Top 10 Tips For Inheritance Tax Planning


From Lee Windle (Chartered Financial Planner) & Steve Roberts (Tax Director) of Armstrong Watson


1. Work out the tax

The first step in any planning has to be to establish the size of the problem. Only then can you begin to think about what solutions might be suitable for you. Start by adding up the value of all of your assets, including your home and personal possessions. If you are worth more than £325000, then Inheritance Tax could be an issue.


2. Consider your options properly

There are many different ways to deal with a potential Inheritance Tax problem. Some involve regulated investment products and some don’t. The wisest course of action is to talk to people who can advise you on both and don’t have a vested interest in pushing you down one particular route.


3. Think about your needs

Don’t just give everything away and hope to live for 7 years. The planning has got to deal with providing for your future as well as that of your family. This means looking at income provision as well as ensuring that you still have somewhere to live!


4. Keep it flexible

Circumstances change. Children will grow up and their needs will change. They will change. New family members might arrive on the scene. You should consider using trusts to give you that flexibility and a degree of control after you have given assets away.


5. Look after the family home

For most people the house they live in is by far their single most valuable asset, but Inheritance Tax planning for the home is difficult. You should certainly not take risks with where you want to live and planning in this area should be very much a matter of last resort.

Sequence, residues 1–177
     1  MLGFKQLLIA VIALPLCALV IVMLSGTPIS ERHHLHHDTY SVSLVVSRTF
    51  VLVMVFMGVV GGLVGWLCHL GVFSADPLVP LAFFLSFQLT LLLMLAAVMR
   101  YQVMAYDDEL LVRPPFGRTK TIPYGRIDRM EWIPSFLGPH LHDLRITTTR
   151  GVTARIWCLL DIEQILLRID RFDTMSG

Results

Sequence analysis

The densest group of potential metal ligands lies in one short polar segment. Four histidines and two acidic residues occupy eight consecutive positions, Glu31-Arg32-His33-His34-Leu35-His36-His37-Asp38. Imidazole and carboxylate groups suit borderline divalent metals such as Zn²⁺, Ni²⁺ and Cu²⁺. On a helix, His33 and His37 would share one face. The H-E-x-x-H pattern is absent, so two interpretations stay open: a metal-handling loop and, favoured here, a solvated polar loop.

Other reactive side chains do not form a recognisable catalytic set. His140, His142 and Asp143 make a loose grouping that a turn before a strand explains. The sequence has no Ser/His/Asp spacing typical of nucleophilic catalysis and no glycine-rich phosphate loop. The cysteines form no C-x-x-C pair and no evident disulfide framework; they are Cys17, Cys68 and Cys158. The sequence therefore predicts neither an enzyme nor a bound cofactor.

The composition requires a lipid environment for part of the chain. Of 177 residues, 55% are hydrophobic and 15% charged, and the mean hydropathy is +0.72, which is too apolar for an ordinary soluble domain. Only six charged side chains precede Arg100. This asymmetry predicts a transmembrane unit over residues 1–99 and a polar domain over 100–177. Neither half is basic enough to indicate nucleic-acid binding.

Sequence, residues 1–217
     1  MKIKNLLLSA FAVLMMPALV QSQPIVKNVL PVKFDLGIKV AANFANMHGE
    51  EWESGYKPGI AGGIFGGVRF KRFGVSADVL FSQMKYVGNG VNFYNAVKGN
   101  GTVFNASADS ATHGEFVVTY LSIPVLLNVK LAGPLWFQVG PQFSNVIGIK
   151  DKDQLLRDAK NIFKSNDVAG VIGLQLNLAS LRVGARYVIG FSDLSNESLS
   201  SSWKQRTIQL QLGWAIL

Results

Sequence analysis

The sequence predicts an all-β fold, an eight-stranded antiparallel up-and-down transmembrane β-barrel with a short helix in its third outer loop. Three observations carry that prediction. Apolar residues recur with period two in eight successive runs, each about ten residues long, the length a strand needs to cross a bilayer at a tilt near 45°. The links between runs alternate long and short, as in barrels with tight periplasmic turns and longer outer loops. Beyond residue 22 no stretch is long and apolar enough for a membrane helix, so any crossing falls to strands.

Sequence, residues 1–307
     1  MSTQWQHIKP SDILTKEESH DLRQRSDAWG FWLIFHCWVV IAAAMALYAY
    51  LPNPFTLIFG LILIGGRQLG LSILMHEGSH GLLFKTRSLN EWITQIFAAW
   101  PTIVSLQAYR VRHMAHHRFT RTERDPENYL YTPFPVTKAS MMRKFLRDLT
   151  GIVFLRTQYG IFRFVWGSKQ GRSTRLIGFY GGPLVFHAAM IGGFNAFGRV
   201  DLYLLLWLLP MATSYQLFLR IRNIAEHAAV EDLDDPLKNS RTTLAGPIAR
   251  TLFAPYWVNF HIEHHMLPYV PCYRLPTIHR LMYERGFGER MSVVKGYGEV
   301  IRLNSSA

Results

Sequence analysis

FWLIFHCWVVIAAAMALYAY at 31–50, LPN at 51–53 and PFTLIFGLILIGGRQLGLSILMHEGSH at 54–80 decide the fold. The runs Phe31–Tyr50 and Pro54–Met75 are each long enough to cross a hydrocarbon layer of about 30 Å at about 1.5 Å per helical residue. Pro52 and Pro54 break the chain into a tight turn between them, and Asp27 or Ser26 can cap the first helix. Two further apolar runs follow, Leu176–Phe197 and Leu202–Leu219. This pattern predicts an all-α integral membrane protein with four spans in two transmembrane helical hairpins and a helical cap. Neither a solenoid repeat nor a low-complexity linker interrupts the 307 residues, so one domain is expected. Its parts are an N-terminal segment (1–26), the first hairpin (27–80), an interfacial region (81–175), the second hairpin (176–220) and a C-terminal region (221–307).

6. Think cash not income

We all need money to live on and you may have pensions as well as investment income. Affordability should be looked at in the round and sometimes it can make sense to gift income and spend capital. Let the capital growth happen in the hands of the next generation.


7. Make a Will

Seems obvious doesn’t it, but many people don’t have one. As well as setting out who gets what after your death, the Will can also be an important tax planning document if properly drawn up. As well as a solicitor, make sure you consult a tax specialist when you draw up a new Will.


8. Take advantage of special tax breaks

Gifts out of income and business relief on AIM shares are just two of the Inheritance Tax reliefs that might be able to reduce your potential liabilities. Careful use of tax reliefs can make a major difference to your Inheritance Tax position.


9. Look out for other taxes

It is no good doing the right thing for Inheritance Tax if you land yourself with a large Capital Gains Tax bill as a result. The different taxes often interlink so be sure that you look at the whole picture.


10. Don’t leave it too late

None of us know when we are going to die – only that we will. Having said that, the younger you are, the more options you have to plan your affairs sensibly and reasonably reliably. Whatever you do make sure you obtain professional advice.


Lee or Steve can be contacted on 0113 2211300 or by email at: or

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